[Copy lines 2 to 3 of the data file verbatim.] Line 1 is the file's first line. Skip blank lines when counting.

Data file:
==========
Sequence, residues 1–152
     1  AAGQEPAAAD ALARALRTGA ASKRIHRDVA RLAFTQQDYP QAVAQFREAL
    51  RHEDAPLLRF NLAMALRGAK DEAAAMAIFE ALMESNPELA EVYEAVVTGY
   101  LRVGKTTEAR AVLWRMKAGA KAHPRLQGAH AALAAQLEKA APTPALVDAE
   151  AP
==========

     1  AAGQEPAAAD ALARALRTGA ASKRIHRDVA RLAFTQQDYP QAVAQFREAL
    51  RHEDAPLLRF NLAMALRGAK DEAAAMAIFE ALMESNPELA EVYEAVVTGY